Stocks and bonds drift ahead of US employment report

European equities updates

European stocks and global government bonds were in a holding pattern on Thursday as investors awaited US jobs data that may influence the path of central bank support for the economy and financial markets.

The Stoxx 600, which is trading close to its all-time high, added 0.1 in early dealings. London’s FTSE 100 was flat and futures markets signalled Wall Street’s S&P 500 and Nasdaq Composite would also drift in early New York dealings.

The yield on the 10-year US Treasury bond, which moves inversely to its price and is sensitive to perceived changes in the future path of interest rates and monetary policy, was steady at 1.299 per cent. Germany’s equivalent Bund yield was also flat at minus 0.376 per cent.

Economists polled by Bloomberg expect that Friday’s non-farm payrolls report, a monthly data release that traders all over the world scrutinise for clues about the health of the world’s largest economy, will show US employers added 750,000 jobs in August.

The Federal Reserve, which has bought $120bn of bonds each month throughout the pandemic to boost economic activity, has pledged to reduce emergency stimulus once “maximum” employment has been reached.

A higher than expected number is “something that markets would be comfortable with,” said Invesco multi-asset fund manager Sebastian Mackay, as traders balanced expectations of a reduction of Fed stimulus spending with the idea that the US economy was recovering strongly from last year’s coronavirus-induced shocks.

A lower number that implied a worker shortage in the US was worsening, Mackay added, would spark fears of consumer price inflation rising after it steadied at a 13-year high last month. This could shift market expectations on future interest rate rises, he said. “So you could see bond yields higher and equities struggling.”

In Asia, stock markets were mostly subdued on Thursday. Tokyo’s Topix and Hong Kong’s Hang Seng index were both ahead 0.1 per cent, although the Hang Seng sub-index of Chinese technology shares outperformed, rising 1 per cent. Wall Street’s technology-focused Nasdaq Composite has also outperformed the broader-based S&P 500 over the past two weeks.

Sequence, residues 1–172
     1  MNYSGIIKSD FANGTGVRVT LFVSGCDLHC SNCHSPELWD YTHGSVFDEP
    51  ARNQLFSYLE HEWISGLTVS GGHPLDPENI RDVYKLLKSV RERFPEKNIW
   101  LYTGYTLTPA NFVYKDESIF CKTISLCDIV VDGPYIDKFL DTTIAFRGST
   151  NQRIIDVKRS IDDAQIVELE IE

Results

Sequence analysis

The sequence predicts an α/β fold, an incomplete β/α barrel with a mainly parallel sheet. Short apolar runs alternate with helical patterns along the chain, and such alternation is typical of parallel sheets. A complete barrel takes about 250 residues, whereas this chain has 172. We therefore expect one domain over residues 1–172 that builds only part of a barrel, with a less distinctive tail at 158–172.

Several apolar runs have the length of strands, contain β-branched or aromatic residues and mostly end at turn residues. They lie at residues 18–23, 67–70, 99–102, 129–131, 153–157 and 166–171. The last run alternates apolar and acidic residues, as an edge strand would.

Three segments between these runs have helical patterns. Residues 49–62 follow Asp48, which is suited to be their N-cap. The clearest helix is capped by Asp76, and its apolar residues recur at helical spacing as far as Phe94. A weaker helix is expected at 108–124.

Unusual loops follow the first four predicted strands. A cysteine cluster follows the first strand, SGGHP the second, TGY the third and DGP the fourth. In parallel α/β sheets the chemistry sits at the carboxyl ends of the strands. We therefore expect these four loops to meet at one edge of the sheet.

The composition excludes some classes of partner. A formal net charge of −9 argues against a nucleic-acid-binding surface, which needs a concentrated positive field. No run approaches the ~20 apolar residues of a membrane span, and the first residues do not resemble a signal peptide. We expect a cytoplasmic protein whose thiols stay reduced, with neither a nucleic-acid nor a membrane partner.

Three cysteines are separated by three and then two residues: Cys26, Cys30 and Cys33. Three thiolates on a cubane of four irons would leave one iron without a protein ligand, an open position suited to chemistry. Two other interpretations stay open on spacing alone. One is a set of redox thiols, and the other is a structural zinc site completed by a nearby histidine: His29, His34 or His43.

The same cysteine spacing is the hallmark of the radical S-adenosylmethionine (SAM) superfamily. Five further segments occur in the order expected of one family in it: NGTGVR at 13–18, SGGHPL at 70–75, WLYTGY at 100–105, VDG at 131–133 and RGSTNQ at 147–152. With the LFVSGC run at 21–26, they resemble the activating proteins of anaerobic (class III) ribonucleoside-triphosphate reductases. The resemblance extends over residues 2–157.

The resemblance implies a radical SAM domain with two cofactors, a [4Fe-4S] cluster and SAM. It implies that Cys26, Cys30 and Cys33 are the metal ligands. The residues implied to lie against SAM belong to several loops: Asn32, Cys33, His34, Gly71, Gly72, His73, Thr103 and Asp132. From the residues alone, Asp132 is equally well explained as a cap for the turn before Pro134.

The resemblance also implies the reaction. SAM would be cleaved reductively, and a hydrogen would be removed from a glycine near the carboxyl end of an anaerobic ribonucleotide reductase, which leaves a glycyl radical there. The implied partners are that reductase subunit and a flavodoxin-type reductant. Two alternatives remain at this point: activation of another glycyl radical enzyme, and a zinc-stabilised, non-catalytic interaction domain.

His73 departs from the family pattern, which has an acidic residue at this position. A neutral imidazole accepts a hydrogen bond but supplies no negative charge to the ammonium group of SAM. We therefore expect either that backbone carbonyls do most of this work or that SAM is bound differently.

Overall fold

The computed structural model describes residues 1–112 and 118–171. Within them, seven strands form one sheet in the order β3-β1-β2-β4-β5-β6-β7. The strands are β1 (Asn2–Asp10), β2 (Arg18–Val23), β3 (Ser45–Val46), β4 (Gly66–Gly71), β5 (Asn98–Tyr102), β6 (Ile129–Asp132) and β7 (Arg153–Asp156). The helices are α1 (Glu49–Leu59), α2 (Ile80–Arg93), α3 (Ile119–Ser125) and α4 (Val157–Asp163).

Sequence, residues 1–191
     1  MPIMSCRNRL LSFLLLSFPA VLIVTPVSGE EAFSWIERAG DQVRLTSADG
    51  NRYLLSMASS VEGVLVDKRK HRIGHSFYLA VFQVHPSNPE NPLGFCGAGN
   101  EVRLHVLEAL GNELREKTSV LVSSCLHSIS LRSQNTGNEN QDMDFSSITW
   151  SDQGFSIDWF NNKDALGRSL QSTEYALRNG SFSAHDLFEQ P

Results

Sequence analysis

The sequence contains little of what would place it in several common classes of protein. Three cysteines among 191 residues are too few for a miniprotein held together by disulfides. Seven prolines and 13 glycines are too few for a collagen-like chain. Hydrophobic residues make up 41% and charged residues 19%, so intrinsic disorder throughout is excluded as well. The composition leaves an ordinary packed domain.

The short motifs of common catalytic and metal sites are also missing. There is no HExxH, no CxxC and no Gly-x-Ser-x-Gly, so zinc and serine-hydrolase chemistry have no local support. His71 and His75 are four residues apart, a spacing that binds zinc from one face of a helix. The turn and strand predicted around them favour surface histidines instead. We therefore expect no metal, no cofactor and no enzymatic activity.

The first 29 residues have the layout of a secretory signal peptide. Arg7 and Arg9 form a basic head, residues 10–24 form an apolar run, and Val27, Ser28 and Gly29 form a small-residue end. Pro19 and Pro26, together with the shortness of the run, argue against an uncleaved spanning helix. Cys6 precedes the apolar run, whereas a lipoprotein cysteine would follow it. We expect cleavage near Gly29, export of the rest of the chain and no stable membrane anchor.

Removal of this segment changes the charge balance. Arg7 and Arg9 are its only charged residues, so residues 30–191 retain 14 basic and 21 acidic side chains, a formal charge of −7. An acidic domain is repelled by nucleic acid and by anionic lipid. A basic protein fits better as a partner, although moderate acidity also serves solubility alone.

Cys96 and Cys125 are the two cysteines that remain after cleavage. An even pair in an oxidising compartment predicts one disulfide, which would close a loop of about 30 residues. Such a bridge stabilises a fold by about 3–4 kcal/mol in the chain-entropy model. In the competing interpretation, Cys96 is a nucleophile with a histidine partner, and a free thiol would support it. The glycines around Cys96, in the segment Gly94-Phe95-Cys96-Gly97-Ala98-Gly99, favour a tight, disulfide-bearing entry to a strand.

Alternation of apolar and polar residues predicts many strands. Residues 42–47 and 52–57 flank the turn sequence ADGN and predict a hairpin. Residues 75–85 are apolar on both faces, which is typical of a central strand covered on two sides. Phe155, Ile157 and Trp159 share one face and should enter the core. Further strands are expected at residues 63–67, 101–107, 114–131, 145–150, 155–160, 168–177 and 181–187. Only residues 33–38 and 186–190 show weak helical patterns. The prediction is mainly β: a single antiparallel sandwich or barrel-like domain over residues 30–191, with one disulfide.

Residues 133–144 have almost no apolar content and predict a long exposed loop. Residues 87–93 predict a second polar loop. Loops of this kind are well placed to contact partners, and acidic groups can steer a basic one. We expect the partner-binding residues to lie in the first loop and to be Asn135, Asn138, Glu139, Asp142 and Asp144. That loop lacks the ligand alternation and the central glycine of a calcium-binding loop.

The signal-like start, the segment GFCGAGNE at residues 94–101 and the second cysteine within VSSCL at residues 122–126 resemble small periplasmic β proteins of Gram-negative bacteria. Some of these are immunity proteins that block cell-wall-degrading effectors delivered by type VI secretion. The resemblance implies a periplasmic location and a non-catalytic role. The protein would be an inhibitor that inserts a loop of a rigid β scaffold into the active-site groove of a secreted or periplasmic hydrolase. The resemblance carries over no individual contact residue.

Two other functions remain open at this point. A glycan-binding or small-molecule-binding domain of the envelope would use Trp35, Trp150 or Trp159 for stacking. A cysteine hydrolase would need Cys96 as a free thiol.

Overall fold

Patrick Spencer, vice-chair of equities at RW Baird, said investors were topping up their holdings of large tech companies to insulate their portfolios against a potential economic slowdown caused by the intensifying spread of the Delta variant of Covid-19 in the US as well as Asia. One in five US states reported record high levels of Covid-19 hospitalisations during August.

“When you have fears about growth, tech stocks usually show up as a means of defence,” Spencer said, particularly after these stay-at-home businesses thrived through last year’s lockdowns.

Currency markets were also quiet on Thursday ahead of the payrolls data. The dollar index, which measures the US currency against six others, traded flat, having weakened over the past couple of sessions. The euro was steady against the dollar at $1.1844. Sterling was also unchanged at $1.3779.

Brent crude, the international oil benchmark, was flat at $71.58 a barrel after Opec and its allies agreed on Wednesday to pump an extra 400,000 barrels a day each in September

“Opec+ went ahead with its planned supply hike . . . as demand is seen to be improving. However, we expect the group to remain vigilant at each upcoming meeting amid demand uncertainty,” said analysts at Citi.

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